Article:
Today marks the 105-year anniversary of the Great Earthquake of 1906. This morning's annual bell-ringing homage at Lotta's Fountain was a more somber affair than in the past due to the recent earthquake in Japan. With that, we think the The City That Has Fallen (1933) by William Marion Reedy, pulled together by Alexis Madrigal of The Atlantic, gives a gripping and sobering account of that happened during the Great Quake. "I ran across it in a slim little volume tucked away in the Berkeley library, a reprint of the original from 1933," Madrigal explains. "The essay is a sidelong, scattershot tour through the American conception of 'Frisco.' "


FRISCO it was called in that affection which prompts expression in diminutives. Shaken to shards in the dawn, gulped in part by a mad sea, swept by flame. Ruin covering agony, crowned by hunger, thirst, fever, pest. Death over all.

Beautiful, soft Frisco, luscious as a great pear or a lush cluster of grapes. City of romance, splendor, strife, where the strange odors of the East come in to sweeten the winds of the West. Frisco sleekly fair and like the Pacific, as treacherous, as fair.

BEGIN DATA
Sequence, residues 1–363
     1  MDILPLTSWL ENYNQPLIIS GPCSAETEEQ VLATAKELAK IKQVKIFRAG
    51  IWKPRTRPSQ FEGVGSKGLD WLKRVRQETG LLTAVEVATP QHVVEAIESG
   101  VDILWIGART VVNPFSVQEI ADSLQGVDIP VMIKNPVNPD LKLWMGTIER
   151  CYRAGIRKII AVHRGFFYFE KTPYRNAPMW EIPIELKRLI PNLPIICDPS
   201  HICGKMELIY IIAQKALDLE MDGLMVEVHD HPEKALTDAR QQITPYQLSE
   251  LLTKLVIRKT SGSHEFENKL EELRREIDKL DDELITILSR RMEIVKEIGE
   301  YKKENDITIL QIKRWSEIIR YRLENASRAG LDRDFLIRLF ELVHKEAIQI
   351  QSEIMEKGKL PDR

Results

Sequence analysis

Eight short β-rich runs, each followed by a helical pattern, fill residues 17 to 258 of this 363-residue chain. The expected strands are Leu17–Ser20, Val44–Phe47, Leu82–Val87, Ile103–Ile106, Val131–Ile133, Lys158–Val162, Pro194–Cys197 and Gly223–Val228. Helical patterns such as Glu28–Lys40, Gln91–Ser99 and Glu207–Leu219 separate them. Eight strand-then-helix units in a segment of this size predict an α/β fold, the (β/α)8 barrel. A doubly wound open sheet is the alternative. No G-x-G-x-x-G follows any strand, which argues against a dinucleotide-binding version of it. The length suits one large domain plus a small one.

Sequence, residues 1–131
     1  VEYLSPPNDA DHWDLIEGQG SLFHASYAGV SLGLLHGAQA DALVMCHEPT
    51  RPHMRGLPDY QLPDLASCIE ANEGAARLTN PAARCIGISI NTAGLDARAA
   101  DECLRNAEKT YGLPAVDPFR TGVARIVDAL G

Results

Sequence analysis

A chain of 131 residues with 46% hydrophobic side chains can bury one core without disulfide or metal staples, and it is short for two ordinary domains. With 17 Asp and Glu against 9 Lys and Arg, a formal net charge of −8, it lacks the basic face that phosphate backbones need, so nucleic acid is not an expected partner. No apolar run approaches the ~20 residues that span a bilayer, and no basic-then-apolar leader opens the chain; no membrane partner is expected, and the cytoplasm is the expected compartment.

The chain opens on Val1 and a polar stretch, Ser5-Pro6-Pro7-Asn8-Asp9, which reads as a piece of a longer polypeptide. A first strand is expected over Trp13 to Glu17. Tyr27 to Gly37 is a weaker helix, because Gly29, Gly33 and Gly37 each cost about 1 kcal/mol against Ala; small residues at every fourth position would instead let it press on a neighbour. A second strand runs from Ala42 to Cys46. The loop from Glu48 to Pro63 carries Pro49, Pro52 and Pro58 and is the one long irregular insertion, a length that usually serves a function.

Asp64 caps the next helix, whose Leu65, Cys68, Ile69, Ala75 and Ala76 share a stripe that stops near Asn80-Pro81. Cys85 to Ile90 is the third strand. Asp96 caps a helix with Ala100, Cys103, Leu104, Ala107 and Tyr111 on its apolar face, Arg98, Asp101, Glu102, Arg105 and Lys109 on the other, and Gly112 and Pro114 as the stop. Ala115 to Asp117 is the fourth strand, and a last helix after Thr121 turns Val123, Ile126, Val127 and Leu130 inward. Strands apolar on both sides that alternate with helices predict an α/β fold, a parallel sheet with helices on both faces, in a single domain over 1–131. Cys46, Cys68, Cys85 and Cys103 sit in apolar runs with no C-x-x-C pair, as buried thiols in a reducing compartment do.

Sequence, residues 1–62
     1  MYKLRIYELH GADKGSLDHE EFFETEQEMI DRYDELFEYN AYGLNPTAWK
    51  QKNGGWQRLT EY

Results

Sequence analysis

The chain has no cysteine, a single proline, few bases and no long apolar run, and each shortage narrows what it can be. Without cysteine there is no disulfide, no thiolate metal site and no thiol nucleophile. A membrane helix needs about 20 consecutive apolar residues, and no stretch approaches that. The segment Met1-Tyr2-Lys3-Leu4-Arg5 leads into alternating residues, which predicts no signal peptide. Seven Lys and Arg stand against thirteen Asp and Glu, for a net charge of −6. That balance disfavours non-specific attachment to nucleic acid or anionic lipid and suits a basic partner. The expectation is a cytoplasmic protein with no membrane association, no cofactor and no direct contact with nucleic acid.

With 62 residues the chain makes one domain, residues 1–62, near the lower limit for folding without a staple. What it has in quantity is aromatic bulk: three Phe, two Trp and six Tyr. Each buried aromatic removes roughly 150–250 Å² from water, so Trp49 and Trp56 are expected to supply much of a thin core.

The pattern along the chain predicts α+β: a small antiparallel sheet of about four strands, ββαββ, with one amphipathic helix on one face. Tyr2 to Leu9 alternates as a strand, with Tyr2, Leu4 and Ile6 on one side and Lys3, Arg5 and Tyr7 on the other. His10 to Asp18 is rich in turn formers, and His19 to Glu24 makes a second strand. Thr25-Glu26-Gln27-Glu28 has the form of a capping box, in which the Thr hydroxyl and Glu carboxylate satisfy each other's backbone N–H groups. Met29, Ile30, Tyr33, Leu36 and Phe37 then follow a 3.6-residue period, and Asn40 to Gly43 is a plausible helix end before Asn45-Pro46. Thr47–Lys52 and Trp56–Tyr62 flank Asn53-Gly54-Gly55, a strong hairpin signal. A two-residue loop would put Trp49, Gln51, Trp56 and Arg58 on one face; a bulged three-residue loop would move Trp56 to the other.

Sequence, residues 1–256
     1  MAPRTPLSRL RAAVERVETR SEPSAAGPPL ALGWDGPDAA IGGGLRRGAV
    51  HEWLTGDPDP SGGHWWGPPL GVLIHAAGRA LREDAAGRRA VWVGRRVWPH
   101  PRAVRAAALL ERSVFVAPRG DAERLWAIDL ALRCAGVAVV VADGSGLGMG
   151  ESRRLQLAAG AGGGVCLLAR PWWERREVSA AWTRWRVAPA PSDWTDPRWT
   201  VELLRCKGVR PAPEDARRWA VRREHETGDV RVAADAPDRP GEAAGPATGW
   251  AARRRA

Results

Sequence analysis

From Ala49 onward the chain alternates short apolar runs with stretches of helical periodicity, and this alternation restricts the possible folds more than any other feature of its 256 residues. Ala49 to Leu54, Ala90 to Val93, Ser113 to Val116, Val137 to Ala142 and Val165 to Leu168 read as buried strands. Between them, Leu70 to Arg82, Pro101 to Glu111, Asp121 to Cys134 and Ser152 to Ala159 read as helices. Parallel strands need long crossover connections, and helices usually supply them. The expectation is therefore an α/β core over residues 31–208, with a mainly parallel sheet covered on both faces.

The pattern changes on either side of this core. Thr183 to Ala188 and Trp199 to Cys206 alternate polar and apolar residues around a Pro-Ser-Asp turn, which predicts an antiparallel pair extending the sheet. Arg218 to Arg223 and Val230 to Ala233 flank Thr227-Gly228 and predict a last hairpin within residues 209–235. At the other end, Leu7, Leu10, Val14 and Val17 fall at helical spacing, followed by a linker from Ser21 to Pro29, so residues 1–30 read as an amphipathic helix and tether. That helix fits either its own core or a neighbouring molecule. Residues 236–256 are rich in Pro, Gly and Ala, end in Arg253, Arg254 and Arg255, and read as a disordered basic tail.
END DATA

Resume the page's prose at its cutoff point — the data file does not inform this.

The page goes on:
Town of wild, strange, tumultuous memories to one who never saw its streets or sensed its paradisiacal lay or felt the subtle, passionate stirring of its more than Italian, curiously blent quattrocento and ultra modern atmosphere.

There gathered the seekers of the Golden Fleece to scatter their shearings, to gamble, carouse, steal, murder, and build a mighty town. The village a hell and then--the Vigilantes. Judge Lynch was its first law-giver, more rigorous than Draco.

Navvies turned Croesus came in and builded banks, their palaces rising in uncouth ostentation, setting up insane speculation, developing rivalries that flowered into duels and into remorseless combines to drive one man, thinking himself broken, into the sea. Names were heralded from there that meant gold in mountains. Flood, O'Brien, Mackay, Fair, Sharon--and a score more. They leagued with or fought one another. They plundered one another and the public. They died--most of them with a plenteousness of wives, equal almost to that of their money...

To read the entire essay, please visit The Atlantic.